Sixpence None The Richer: Lost in Transition | Posted August 07, 2012
Lost in Transition is an album that has been anticipated for almost ten years now by their most devoted fans. In 2008 the band released a four song EP entitled My Dear Machine, that had three of the tracks from Lost in Transition on it, and they also released a Christmas record that year. But that was really just a teaser and it left everybody wondering when they would finally release another full length, since their last was 2003's Divine Discontent. After label issues, an album name change (it was previously titled Strange Conversation), and four years of waiting to release the album, Lost in Transition has finally been released to the public and what a beauty it is.
Last year, vocalist, Leigh Nash, released a hymns project entitled Hymns & Sacred Songs that I had the pleasure of reviewing, which gave me one of my first real tastes of her voice. (The only other song I had heard by her was the famous, "Kiss Me.") One thing I noticed right off the bat when listening to her hymns record was how enchanting her voice is - you cannot help but be drawn in by it. Lost in Transition drew me in from the first listen as well. My favorite albums of all time are those that when you listen to them you are just like, "This is pure art." Lost in Transition is pure art that any music fan should be able to appreciate.
"My Dear Machine" opens up the record with some of the best instrumentals on the album - as I said, art. The song talks about love problems in a metaphorical way - comparing her, I am guessing husband, to a car that she let rust and neglected. "Radio" is one of my favorites on the record that has a more relaxed and almost remorseful feel to it where she talks about wanting to be with the one she loves. "Give it Back" is another beautifully written song with some of my favorite instrumentals on the album; and, "Safety Line" follows that up with one of my favorite songs as far as vocals go on the record. "When You Call Me" shows the band's more mysterious side, with what I would consider haunting vocals that just linger in your head. The song really slows the album down and could easily lull you to sleep.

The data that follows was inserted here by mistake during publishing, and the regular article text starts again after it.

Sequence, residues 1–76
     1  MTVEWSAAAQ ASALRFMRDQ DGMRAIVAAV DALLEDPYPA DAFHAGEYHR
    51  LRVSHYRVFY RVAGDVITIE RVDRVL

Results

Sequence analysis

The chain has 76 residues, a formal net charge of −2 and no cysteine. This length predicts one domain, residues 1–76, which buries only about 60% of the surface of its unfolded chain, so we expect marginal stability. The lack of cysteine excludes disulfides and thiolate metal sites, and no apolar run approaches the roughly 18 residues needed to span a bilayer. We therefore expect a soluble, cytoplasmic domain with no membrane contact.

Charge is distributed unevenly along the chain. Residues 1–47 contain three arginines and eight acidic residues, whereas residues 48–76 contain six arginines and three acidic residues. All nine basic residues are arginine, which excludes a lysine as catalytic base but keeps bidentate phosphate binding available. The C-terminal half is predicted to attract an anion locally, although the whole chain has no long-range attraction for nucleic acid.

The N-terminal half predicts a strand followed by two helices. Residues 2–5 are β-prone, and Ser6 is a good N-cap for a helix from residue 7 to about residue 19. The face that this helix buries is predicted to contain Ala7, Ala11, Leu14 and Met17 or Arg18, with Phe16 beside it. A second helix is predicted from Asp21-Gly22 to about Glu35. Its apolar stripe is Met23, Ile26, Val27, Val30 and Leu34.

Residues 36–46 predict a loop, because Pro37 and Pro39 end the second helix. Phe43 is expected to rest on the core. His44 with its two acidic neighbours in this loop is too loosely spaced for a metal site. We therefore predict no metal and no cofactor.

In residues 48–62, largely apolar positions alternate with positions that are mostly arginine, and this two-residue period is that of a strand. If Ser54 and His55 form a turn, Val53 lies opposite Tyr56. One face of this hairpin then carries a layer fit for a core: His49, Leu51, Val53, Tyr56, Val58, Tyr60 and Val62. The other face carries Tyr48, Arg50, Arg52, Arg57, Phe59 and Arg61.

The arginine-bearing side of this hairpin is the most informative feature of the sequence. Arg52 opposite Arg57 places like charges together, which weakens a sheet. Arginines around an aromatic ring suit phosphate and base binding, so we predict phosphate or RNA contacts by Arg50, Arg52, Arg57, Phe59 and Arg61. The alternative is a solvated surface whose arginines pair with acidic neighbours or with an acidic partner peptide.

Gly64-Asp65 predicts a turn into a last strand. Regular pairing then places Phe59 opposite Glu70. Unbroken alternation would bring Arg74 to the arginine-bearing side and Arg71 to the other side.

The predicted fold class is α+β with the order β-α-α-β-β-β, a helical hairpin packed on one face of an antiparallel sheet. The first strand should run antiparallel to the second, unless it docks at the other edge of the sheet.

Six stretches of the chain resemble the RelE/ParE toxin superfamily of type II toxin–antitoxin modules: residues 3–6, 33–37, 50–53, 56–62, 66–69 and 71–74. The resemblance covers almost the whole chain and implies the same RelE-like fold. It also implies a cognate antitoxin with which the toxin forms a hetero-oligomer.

"Should Not Be This Hard," for some reason, is my favorite song on the record. It sounds so much different than the rest of the songs on the album, but I think it is the fun-nature of the song that I have so fallen in love with. "Go Your Way" is a slower acoustic song that seems to have some country influences on it as well. "Failure" keeps with the slow trend slow; this one sees Nash looking back on her life wondering where time has gone and wondering what happened to her dreams. In reality it is a very depressing song. "Don't Blame Yourself" was written to her sister - "not by blood, but by sweat and tears" - giving her some sisterly advice, basically telling her she has her back and she should not blame herself for whatever happened.
The final three tracks of the album are a mixture of completely different sounds, in my opinion. "Stand My Ground" is another very tenebrous song, that is good, but can easily make you depressed. "Sooner Than Later" is one of my favorites on the album, that I have heard was written about Nash's father. "Be OK" is a very nice way to end the record; it is always good to end on a more upbeat song - especially when so much of the album is composed of slow and sad songs.
Sixpence None The Richer is a peculiar band that seems to have a way of catching my attention. Leigh Nash's voice is beautiful, and at times haunting on this album - in a good way. I love bands like Sixpence None The Richer where you cannot find another band out there that sounds like them; they have their own style and they really rock it. Lost in Transition is a fantastic album that I have not been able to stop listening to. If you are a fan of the group then you will definitely want to pick up the album, or if you like albums that are just pure art, then you should buy this record. You will not find another album like Lost in Transition; it is easily one of my favorite albums at the moment.
Favorite Song: Should Not Be This Hard
This review has been reprinted on NRT with permission from The Christian Music Review Blog. Click here to visit today!